A limit is established for the violation of the equality of passive and active gravitational mass. Our test is based on an asymmetry in the composition of the moon. We hypothesize that the 2-km offset between the moon’s center of figure and center of mass indicates an asymmetry in the distribution of Fe and Al. Unless the Fe on one side and the Al on the other attract each other with the same force, the moon will not be in the orbit predicted by classical mechanics. Using the results from laser ranging and a model for the moon’s interior we find that the ratios of active to passive mass for Fe and Al are the same to a precision of 4×10-12.
If so, then I think you are wrong. The highlighted portions pertain to Newton's laws. In effect, what they are saying is that if Fe and Al do not attract with the same force (ma) then there will be a self acceleration of the moon, causing it's orbit to be different from the one predicted by classical mechanics.

This what I am talking about in my post #30. Please look at the equations and the three sentences that precede and follow it.

Ah, yes, I see now the issue with active gravitational mass. Gravity is caused by the presence of matter, but this matter may have different compositions (different internal arrangements) and the question is whether different arrangements of the same quantity of matter (or at least the same inertial mass) might have different gravitational active capacities...

I have not thought enough about the experiment with the Moon that DH mentioned and about which you argue that it does not exclude the possibility of the above discrepancy.

Just a semantic comment for the time being: strictly speaking, what the WEP and the experiments that back it up require is that a given source accelerates all bodies in free fall at the same rate, that is to say, that the passive mass plays no role. This is not threatened by the above mentioned issue: if the passive mass is irrelevant, it’s so in all respects, quantity and composition.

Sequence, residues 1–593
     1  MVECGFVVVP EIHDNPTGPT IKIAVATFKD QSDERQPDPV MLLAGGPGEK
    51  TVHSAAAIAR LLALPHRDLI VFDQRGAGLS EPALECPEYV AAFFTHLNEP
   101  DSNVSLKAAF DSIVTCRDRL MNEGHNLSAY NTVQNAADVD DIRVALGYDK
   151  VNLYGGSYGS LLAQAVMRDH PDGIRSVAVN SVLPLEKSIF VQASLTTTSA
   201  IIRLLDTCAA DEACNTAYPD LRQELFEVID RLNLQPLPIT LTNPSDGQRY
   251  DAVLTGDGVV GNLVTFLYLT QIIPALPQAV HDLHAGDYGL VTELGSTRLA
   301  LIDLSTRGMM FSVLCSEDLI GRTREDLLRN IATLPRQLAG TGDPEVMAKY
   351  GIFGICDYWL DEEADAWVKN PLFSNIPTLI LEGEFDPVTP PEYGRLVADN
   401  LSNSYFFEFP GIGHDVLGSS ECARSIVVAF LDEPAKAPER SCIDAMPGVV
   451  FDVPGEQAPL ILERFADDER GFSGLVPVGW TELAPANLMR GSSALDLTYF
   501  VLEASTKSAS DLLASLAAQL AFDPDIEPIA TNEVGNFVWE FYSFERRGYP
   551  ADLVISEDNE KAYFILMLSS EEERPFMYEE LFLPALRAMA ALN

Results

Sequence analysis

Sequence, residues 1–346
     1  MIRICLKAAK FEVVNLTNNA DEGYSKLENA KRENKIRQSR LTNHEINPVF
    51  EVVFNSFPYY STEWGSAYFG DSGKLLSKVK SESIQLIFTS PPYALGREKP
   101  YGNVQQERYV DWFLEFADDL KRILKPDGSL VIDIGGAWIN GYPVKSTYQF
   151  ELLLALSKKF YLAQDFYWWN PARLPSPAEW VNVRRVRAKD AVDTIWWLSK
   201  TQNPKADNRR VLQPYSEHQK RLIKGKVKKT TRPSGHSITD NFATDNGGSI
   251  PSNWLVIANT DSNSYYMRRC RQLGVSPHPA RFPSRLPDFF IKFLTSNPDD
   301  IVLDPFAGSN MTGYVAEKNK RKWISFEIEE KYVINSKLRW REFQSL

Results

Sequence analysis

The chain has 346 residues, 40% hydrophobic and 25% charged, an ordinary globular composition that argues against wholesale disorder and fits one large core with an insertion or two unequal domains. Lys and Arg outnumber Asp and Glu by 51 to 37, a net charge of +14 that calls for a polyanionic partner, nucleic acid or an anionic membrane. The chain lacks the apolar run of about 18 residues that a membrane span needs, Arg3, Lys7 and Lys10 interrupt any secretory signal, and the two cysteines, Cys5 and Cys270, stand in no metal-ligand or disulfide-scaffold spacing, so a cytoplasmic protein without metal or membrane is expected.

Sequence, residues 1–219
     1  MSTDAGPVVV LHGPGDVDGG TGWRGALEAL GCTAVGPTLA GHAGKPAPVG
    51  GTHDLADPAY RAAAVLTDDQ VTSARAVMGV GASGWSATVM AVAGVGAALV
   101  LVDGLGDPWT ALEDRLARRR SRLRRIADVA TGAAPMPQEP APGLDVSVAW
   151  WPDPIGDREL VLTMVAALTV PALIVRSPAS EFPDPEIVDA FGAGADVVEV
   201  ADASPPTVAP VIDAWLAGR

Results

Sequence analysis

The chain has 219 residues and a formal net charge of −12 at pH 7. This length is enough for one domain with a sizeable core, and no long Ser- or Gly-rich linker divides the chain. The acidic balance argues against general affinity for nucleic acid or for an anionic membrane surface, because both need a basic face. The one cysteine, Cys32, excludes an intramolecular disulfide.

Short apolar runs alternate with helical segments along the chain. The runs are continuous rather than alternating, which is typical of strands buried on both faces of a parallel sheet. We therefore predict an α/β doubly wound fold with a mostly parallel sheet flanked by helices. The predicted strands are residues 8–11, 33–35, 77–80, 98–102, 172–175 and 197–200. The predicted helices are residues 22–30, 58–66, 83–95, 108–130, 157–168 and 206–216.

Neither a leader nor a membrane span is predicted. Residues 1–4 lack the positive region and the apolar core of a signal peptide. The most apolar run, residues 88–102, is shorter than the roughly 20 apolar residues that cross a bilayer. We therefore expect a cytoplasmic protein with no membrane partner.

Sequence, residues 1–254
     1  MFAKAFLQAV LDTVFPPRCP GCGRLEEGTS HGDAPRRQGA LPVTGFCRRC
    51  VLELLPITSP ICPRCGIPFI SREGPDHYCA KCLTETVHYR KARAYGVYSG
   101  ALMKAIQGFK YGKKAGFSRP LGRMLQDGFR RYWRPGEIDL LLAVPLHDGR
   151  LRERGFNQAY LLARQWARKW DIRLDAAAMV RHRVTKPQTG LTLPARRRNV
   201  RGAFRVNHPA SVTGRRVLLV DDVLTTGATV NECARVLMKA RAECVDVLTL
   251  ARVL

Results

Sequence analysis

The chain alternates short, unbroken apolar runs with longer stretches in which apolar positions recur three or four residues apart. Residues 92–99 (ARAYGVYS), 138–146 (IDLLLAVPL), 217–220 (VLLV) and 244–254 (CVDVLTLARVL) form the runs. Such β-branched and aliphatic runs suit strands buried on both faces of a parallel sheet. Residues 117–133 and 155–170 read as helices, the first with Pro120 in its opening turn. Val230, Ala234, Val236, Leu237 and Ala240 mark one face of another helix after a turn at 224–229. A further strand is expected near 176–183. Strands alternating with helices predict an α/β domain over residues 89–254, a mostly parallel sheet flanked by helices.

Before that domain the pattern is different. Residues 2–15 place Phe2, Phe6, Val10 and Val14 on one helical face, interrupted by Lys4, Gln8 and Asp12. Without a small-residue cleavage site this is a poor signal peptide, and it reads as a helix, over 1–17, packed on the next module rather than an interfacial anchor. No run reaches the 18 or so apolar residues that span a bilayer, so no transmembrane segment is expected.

As to the need that the two bodies interacting gravitationally meet at the COM of the system… Well, if active gravitational mass were different from inertial mass, then the bodies would meet at their “gravitational” COM, eventually different from their “inertial” COM.

The big problem, as you point out, would be for Newton’s Third Law. Choosing units so that G/r^2 = 1, what the Law requires is that:

m0 (inertial) • m1 (gravitational) = - m1 (inertial) • m0 (gravitational)

So if the ratio inertial (m0/m1) <> gravitational (m0/m1), the equation breaks down…

But, that is my point, this and only this would be what is at stake. “Equivalence” can refer to two different things: (i) when faced with an attractive given mass, all objects are attracted with “equal” acceleration and (ii) the ratio of gravitational accelerations is “equal” to the ratio of inertial accelerations in the context of a collision. Only (ii) would be discussed here.